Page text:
Community Partnership grants are open to applications from small, UK registered, non-government organisations. Grants are available for up to £250,000 for projects of 3 years or less, for organisations with an average income of less than £1,000,000 per annum for the past 3 years.
There are no specific thematic areas of interest for this particular funding round but applications must be able to demonstrate how they are addressing the Global Goals. The grants are designed to support initiatives that focus on delivering results on a small scale, pilot new or innovative approaches, focus on the most marginalised, and work at the community level.
Applying for a Community Par
The closing date for submitting concept notes is Wednesday 13 June 2018 at 17:00 (GMT).
Community Partnership grants are open to applications from small, non-governmental organisations that are registered as a not-for-profit organisation in the UK. To be considered as registered in the UK, your organisation must: have its own legal identity in the UK, and be registered with Companies House and/or The Charity Commission have significant ongoing operations based in the UK related to the oversight and management of the UK Aid Direct grant and be able to demonstrate significant autonomy. If your organisation is part of a larger international family, we will expect you to demonstrate autonomy; your organisation must have its own UK specific constitution and an independent board of trustees, i.e. the board must be locally appointed and be free and able to make independent decisions on strategic and operational issues. The status of the organisation may be verified during due diligence. The organisation must have an average income of less than 1,000,000 Pounds per annum for the past 3 years, as shown in approved organisational accounts. You may be asked to provide relevant documentation as evidence. New organisations with fewer than 3 years of accounts may also apply and in such cases, average annual income will be calculated based on the organisation’s length of operation.
Classification of Budget
Under UK Aid Direct, budgets are split between five standardised budget headings/subheads: Capital Expenditure, Project Activities, Staff Costs, Other Administrative Expenditure, Monitoring Evaluation and Lesson Learning. Within each of these headings, grant holders must define their own budget lines which are specific to the project.
As a condition of receiving a UK Aid Direct grant, all successful applications must cooperate with a due diligence assessment carried out by the Fund Manager. Due diligence provides DFID with assurance over the risk of funding a project through the applicant organisation. It is however also intended to be a valuable resource available to the applicants themselves; the due diligence report provides prospective grant holders with an independent assessment of the systems and processes operating in the management of the grant. It can be used to provide valuable insight into areas for development and as a tool to build capacity and benefits from comparisons against best practice. Due diligence is completed as the finalstage in the application process prior to contracting and will only be carried out on applications approved by the Secretary of State. Organisations which are not mapproved at full application stage will not have to complete this assessment. The purpose of this document is to inform applicants of the need for this process to be conducted and to provide details of the process to allow them to plan accordingly. No immediate action is required from your organisation at this stage.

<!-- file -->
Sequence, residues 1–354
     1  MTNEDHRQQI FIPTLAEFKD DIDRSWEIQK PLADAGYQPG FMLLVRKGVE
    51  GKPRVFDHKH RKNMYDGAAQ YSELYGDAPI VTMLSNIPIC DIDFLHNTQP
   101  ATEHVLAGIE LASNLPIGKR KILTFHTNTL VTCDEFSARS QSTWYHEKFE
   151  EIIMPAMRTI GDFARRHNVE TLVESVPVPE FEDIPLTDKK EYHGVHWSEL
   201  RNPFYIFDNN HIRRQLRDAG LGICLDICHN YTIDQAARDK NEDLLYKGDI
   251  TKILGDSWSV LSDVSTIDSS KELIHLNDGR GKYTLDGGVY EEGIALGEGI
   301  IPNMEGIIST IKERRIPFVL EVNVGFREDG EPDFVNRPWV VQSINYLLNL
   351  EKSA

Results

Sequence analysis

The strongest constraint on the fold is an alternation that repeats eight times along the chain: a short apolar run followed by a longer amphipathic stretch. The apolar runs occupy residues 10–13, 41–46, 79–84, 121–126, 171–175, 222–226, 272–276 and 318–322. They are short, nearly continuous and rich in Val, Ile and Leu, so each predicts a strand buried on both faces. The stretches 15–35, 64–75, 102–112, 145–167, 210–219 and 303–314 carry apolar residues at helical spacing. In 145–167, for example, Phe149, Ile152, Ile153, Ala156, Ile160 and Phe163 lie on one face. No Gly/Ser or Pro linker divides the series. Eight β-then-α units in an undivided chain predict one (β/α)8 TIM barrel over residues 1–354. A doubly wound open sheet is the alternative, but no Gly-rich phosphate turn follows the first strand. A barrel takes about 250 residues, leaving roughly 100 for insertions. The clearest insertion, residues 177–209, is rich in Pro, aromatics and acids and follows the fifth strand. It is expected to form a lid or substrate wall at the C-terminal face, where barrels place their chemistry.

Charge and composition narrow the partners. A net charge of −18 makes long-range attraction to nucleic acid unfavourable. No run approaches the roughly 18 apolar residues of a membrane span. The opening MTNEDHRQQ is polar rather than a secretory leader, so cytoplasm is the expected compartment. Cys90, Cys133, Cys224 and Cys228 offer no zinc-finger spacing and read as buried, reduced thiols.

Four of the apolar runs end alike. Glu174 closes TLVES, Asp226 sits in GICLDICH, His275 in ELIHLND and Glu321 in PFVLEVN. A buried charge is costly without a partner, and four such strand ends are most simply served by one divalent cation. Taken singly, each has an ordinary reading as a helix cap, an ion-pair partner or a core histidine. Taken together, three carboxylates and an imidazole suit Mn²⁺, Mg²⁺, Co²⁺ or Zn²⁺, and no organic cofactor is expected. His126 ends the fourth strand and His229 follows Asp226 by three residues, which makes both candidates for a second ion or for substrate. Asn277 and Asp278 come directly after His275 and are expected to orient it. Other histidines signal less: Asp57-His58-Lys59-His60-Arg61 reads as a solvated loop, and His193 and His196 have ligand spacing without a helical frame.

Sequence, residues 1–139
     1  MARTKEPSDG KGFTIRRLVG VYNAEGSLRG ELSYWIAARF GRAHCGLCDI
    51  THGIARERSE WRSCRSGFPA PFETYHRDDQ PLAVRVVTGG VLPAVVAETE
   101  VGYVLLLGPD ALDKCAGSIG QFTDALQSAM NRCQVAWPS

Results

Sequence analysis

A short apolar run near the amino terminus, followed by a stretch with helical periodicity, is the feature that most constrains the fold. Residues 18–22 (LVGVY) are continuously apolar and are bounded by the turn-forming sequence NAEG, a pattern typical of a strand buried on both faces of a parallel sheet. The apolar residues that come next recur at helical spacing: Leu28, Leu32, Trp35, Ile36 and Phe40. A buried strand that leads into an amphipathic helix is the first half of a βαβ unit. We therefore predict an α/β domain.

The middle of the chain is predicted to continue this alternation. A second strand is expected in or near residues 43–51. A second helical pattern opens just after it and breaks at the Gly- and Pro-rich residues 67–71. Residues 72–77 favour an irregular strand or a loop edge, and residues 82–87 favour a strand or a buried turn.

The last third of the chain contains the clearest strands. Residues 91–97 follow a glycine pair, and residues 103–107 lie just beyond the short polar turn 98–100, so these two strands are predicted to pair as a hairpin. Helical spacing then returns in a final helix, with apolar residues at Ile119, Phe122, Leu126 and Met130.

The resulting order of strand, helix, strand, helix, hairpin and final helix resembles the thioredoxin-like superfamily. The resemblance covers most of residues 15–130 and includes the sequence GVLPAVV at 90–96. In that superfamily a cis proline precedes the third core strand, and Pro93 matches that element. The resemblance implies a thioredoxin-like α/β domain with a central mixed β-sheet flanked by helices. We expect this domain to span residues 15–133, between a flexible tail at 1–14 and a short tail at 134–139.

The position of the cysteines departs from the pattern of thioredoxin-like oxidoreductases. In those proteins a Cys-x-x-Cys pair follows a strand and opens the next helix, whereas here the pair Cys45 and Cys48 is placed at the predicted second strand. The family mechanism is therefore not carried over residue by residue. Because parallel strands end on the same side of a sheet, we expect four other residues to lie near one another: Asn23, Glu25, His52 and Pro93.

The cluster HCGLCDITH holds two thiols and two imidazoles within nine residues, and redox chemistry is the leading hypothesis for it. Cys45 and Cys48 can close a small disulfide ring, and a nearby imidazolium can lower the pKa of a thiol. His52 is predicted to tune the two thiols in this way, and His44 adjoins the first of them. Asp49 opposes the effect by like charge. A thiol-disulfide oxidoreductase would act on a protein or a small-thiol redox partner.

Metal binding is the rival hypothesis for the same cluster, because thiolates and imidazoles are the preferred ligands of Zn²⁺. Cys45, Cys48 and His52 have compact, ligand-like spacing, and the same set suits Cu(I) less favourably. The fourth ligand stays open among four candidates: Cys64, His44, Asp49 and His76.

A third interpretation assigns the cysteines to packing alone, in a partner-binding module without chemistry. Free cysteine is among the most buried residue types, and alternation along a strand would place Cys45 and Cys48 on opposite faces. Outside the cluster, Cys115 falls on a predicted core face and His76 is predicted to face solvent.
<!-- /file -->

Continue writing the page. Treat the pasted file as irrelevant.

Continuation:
Due diligence process Overview
There are 3 stages to the due diligence process used by UK Aid Direct:
• Financial Due Diligence (FDD). The FDD is conducted at the concept note stage. It involved a brief assessment of the information supplied with the concept note to verify that the organisation is suitable to manage a grant of this size, and that it meets financial eligibility requirements.
• Integrity Due Diligence (IDD). IDD is completed alongside full applications. It involves the analysis of data provided on key individuals, and the applicant organisation, in order to confirm that there is no history of money laundering, fraud bribery or corruption, sanctions, or other negative news stories.
• Financial Management Assessment (FMA). If applicants are successful with their full applications the final stage of due diligence is to complete an FMA. The FMA is the step in the process which directly requires the involvement and engagement of the applicant organisation. A brief guide to the process is set out below
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